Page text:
New stuff.

Yeah.

16 comments:

  1. After reading this post, I'm sure of one thing. You're a survivor. I'm glad you're living life on your own terms, taking what you can from the past, and looking at moving forward.

    Sorry you're sick, and I hope you feel better.

    Thanks for participating in my blogfest!

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    1. I prefer to see myself as a thriver, despite having gone through some serious health issues recently. I tend to bounce back. Thanks for hosting the blogfest. I'm looking forward to getting caught-up on reading everyone's posts once I get back on track after the recent detour/derailment...

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  2. Thanks for being courageous enough to write about your own life. As someone who works in the cold and families field, I know that what you experienced is deeply personal and painful. It is also important to break the silence. It can be liberating on a personal level and it also sends an important message to both young people and adults who are presently suffering in silence: You are never completely alone, there is something special about you, and someone nearby can see that.

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    1. Bad shit happens. It doesn't matter whose fault any of it ever is--what matters is what we do about it. There is no virtue in enabling bad things. Silence equals acceptance. Suffering is pointless; it is better to get busy doing the good stuff and not let the bad stuff hold any of us back. Arguing or complaining about a mess doesn't get it cleared up, nor does any of that move things forward toward anything worthwhile. I feel very strongly that it is important to do what one can to make the world better for having passed this way...and not to buy into anyone else's second-hand negativity. (Got plenty of my own custom-made and home-grown negativity to work with, thanks.)

      Being hurt on any level sucks. Letting that hurt fester and poison everything from deep within sucks even worse. Clean the wounds. Heal. Get on with the rest of your life. Like one of my dearest friends from way back used to say; 'The best revenge is success.'

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  3. Wow. Wow and wow. Amazing post. I was just stopping by from the blogfest to say hello, but I'm now following. I couldn't not follow you after that story...I'm really glad you made it out of there and learned to live life on your own terms.

    I hope you feel better soon!!

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    1. Hello and Welcome! The time I have been blessed & fortunate to have with my daughter has made a profound difference in my life. She has taught me a lot...

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  4. Sorry to hear you're unwell, but there are worse ways to spend your convalescing time than drawing and writing!

    Much more sorry to hear about your childhood experiences. I don't really have anything 'constructive' to say, just that it sounds like the creative world you live in is incredibly colourful and vibrant and beautiful!

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    1. Thanks for the kind words. I'm doing a lot better. Actually, the ugly-nasty stuff from my past is a big part of what made me who and what I am now, so I don't regret it so much as just wish it hadn't ever been necessary...and I wish that no one else would ever have to go through that crap...but they are. So it is important to let them know that they are not alone. It passes. It doesn't have to cripple us or hold us back. We can do much better than just survive. We can get on with life. We can thrive.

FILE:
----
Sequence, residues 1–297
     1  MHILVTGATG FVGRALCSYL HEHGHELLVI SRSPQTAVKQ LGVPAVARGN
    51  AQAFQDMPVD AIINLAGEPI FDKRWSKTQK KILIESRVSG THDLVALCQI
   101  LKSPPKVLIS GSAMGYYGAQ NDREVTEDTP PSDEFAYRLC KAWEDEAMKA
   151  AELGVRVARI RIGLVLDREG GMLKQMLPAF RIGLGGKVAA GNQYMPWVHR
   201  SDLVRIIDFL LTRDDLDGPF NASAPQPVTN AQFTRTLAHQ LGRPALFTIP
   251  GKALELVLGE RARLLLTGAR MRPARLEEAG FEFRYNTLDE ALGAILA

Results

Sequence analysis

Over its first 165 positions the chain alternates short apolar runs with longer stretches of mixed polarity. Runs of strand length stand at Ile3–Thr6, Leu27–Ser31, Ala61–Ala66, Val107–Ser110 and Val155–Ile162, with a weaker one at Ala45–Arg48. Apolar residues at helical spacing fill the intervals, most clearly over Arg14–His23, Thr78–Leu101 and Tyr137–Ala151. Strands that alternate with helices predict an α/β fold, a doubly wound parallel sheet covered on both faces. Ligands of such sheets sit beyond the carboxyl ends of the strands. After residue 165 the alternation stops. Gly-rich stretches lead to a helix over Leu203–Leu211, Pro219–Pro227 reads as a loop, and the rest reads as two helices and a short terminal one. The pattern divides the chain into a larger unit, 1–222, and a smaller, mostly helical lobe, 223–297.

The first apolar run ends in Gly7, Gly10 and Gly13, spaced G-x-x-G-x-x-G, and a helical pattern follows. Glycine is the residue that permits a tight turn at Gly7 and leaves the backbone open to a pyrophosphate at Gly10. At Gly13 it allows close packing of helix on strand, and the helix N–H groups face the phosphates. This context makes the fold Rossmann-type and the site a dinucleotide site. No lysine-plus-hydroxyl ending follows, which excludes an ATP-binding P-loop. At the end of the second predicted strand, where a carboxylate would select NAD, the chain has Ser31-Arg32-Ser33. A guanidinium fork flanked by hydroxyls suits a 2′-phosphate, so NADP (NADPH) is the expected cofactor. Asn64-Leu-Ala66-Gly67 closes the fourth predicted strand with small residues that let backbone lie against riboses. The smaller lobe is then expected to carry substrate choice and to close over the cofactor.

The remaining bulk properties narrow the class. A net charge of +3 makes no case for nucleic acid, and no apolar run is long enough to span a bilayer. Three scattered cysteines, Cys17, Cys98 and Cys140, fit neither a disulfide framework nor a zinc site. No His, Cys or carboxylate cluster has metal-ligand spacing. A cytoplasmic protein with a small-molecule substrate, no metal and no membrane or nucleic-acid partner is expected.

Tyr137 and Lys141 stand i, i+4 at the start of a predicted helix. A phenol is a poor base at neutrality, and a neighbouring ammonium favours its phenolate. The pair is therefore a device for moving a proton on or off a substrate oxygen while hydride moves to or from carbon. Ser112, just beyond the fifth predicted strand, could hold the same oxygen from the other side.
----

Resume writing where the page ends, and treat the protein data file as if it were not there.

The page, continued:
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  5. incredible story. not your average childhood. the kind of true story that makes an audience feel real emotion. especially with a happy ending!

    they say the best revenge is living a great life. so glad you overcame! and are still overcoming! hope & pray for a healthy new year full of more of your creativity!

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    1. Hopefully not an ending just yet, but certainly quite happy--our daughter is preparing for High School graduation and going on to college. Very exciting. I am also married to an incredible woman and our life together just gets better and better each year we're together. So, yeah. Aside from a few health matters, things are pretty good and I'm looking forward to getting busier and more productive than ever in the near future.

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    1. Thanks for dropping by! I look forward to catching-up with what you've been doing at your blog. you've always been something of an inspiration for me.

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  7. Stopping by from LG's blogfest. I'm sorry for all that you suffered. I rejoice that you survived and now thrive. Rock on, Dude.

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    1. Hello! The trick is not to let the nasty stuff hold you back, in some ways the bad things tend to act like scaffolding, once you've done the necessary repairs, it's time to tear them down and get on with whatever we're here to be doing.

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  8. Wow. What a story!

    I think the best part of childhood is the innocence. I wish I could go back to that way of looking at the world.

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    1. One major reason I dived back into Surrealism was the challenge Breton posed in his statement that to explore Surrealism is to relive the best parts of one's childhood...and that has been a very interesting, very educational process to engage in, personally. For one thing, I don't see my past as any sort of burden any more, but rather a rich, fertile soil (loaded with plenty of B.S.!) from which I can grow all manner of cool, new things. Kind of a combination of gardening and alchemy, but with pictures and words and all kinds of made-up worlds and stuff.